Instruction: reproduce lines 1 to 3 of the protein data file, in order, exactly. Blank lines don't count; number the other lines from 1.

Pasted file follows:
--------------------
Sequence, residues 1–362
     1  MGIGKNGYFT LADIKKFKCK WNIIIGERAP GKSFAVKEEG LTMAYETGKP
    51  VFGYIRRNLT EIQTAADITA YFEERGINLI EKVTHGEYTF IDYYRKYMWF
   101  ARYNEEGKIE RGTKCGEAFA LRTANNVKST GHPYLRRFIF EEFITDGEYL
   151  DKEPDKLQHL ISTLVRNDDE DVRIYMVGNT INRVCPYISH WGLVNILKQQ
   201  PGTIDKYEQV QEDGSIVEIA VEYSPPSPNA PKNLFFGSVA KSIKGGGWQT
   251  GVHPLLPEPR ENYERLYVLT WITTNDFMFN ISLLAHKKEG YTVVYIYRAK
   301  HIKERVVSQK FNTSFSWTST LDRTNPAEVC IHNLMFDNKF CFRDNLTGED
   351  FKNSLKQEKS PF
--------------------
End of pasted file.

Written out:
Sequence, residues 1–362
     1  MGIGKNGYFT LADIKKFKCK WNIIIGERAP GKSFAVKEEG LTMAYETGKP
    51  VFGYIRRNLT EIQTAADITA YFEERGINLI EKVTHGEYTF IDYYRKYMWF